Other Political News
Americans in general have a positive view of George W. Bush and Elizabeth Dole — nearly three times as many describe these Republican candidates in positive terms as describe them in negative terms. For Bush, the most common description is “good,” with “okay,” “unknown,” “leader,” and “honest” also in the top five. Overall, 61% of Americans have a favorable opinion of Bush.
Dole is also described in mostly positive terms by the public, much as she was in 1996, when her husband was the Republican presidential candidate. “Intelligent,” “strong” and “good” continue to be the most commonly used terms to describe Elizabeth Dole, with “smart” and “alright” rounding out the top five.
Dole’s favorability ratings, however, have slipped somewhat over the past several months as her visibility has increased. In January, 66% had a favorable opinion of Dole, today her rating stands at 58% favorable.
In a match-up with Gore, Dole leads 52%- 42%. Dole runs particularly well among white women, women under 30 and rural voters.
Candidate preferences notwithstanding, more Americans say that the Democratic Party is best suited to deal with the most important problem facing the country today — 42%, compared to 38% who name the Republican Party. On specific issues, more people identify the Democ
ratic than the Republican Party as being able to do a better job of improving our educational system (46% compared to 33%). Similarly, more Americans think that Democrats can do a better job of keeping the country prosperous (44% compared to 39%), although among those with incomes over $75,000, confidence in the Republican Party is greater (52%).
Although the Democrats have made gains on foreign policy, the public continues to trust Republicans more than Democrats on this issue: 42% say the Republican Party is best able to make wise foreign policy decisions, compared to 37% who say the Democratic Party.
Wobbly Horse Race Polls
Image problems notwithstanding, Gore might take some comfort in the poor track record of early presidential trial heat polls. History suggests the political climate is almost certain to change between now and November 2000.
A review of polls conducted in the first quarter of the year preceding the election, found many of them forecasting the wrong winner — often by substantial margins. Just four years ago, several early readings showed Republican Bob Dole leading President Clinton by as many as 6 percentage points. Sixteen months later, Clinton won by 8 percentage points. In March of 1991, President Bush had the support of 78% of the electorate against Democrat Mario Cuomo, the New York governor then perceived as the Democratic frontrunner. Bush lost to Clinton by 5 percentage points in 1992.
The two times the polls did accurately forecast the winner date back more than 25 years. Polls in March 1967 placed Richard Nixon neck-in-neck with Lyndon Johnson, with the public split 48%-48% between them; the final popular vote was 43% for Nixon, 43% for the Democratic nominee Hubert Humphrey. The other gave Nixon a slim 43%-39% lead over Edmund Muskie in March, 1971; 20 months later, Nixon defeated Democrat George McGovern by a whopping 61%- 38%.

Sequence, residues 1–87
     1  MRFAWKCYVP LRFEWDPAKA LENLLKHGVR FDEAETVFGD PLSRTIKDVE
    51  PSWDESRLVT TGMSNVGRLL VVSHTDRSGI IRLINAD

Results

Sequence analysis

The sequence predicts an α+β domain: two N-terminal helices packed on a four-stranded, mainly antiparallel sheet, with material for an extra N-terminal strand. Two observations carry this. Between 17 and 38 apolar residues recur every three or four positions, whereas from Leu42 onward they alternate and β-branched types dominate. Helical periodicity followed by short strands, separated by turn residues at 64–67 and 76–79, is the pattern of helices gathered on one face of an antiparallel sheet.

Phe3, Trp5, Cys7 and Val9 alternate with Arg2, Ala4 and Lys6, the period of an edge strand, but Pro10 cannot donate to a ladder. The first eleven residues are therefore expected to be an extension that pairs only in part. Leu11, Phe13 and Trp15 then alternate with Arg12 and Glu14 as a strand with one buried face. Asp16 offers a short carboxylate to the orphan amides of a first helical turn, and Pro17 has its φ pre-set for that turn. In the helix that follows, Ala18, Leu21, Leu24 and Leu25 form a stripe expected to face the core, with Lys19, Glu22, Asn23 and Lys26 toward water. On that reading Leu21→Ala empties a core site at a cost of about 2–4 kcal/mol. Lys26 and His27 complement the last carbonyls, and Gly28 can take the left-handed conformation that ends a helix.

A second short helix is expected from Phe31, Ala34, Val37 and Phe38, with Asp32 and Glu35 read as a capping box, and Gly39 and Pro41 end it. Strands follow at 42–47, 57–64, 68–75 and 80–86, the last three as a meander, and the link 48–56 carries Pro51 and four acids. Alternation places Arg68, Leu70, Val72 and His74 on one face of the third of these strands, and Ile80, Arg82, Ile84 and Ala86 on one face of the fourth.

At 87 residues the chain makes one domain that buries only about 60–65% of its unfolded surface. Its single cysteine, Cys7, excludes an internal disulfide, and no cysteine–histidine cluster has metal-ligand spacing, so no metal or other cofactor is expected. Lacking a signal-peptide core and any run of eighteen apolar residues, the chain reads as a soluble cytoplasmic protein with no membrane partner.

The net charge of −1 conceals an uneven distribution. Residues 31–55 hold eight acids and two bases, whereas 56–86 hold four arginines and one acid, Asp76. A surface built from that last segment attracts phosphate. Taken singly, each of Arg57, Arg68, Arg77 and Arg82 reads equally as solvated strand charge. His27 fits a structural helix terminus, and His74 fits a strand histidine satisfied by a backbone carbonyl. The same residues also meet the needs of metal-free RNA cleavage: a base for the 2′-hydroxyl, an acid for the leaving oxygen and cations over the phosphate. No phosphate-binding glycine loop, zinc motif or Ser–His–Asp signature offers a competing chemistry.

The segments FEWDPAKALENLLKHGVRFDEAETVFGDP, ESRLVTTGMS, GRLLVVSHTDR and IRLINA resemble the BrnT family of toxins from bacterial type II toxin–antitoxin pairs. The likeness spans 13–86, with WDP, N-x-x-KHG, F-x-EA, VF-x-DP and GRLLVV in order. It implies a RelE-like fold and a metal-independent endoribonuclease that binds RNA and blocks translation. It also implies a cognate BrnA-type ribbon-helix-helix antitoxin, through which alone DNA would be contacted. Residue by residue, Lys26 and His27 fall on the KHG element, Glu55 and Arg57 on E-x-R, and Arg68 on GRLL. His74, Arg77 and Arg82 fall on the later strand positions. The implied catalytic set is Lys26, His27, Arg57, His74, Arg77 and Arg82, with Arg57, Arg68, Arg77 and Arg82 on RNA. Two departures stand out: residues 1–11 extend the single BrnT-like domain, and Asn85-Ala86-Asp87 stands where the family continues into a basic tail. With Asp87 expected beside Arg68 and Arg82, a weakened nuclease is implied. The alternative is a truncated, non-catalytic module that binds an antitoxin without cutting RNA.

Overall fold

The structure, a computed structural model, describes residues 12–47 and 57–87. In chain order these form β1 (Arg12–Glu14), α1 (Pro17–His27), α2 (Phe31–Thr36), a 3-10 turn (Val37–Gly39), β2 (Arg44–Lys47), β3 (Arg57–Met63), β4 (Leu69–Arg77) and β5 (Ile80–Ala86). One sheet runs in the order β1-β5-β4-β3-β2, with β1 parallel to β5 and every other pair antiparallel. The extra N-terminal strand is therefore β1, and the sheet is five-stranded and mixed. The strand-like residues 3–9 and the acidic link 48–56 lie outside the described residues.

This record notwithstanding, coverage of horse race polls in national newspapers is considerably higher this year than it was at a comparable period in 1987 — the last time both parties had open contests for the nomination. In the first quarter of 1987, The Los Angeles Times, The New York Times and The Washington Post carried 13 stories about who’s ahead. These same newspapers ran 30 stories through mid-March of this year, an increase of 130%.
NATO Anniversary News
As NATO prepares to celebrate its the 50th anniversary, public support for the alliance remains strong. Indeed, the number of Americans who say that the alliance should be maintained is up significantly over recent years — 74% today, compared to 61% in 1997.
More generally, while isolationism remains a significant minority sentiment, it is no longer growing in prevalence as it was in the early- and mid-1990s. The 35% of the public who feels the U.S. should mind its own business internationally — while twice that of 1964 — is down somewhat from a high of 41% in 1995.
At a time when the United States has joined NATO efforts in Yugoslavia, 82% of the public agree that the U.S. should take into account the views of its major allies in deciding on its foreign policies, up from 72% in 1997. And while 26% say that the U.S. should disregard the view of other countries and follow its own course in international matters, 69% say they disagree with this view (up from 62% in 1997).
Despite this, Americans are still hesitant to see the U.S. assume responsibility in conflicts around the world. It is only when war might threaten the supply of oil or erupt next door that a bare majority of the public supports the idea of U.S. involvement. More people agree than disagree with the notion that the U.S. should get involved if war breaks out in the Middle East (50% to 38%) or Persian Gulf (53% to 36%), in Mexico (54% to 33%) or Central America (50% to 36%).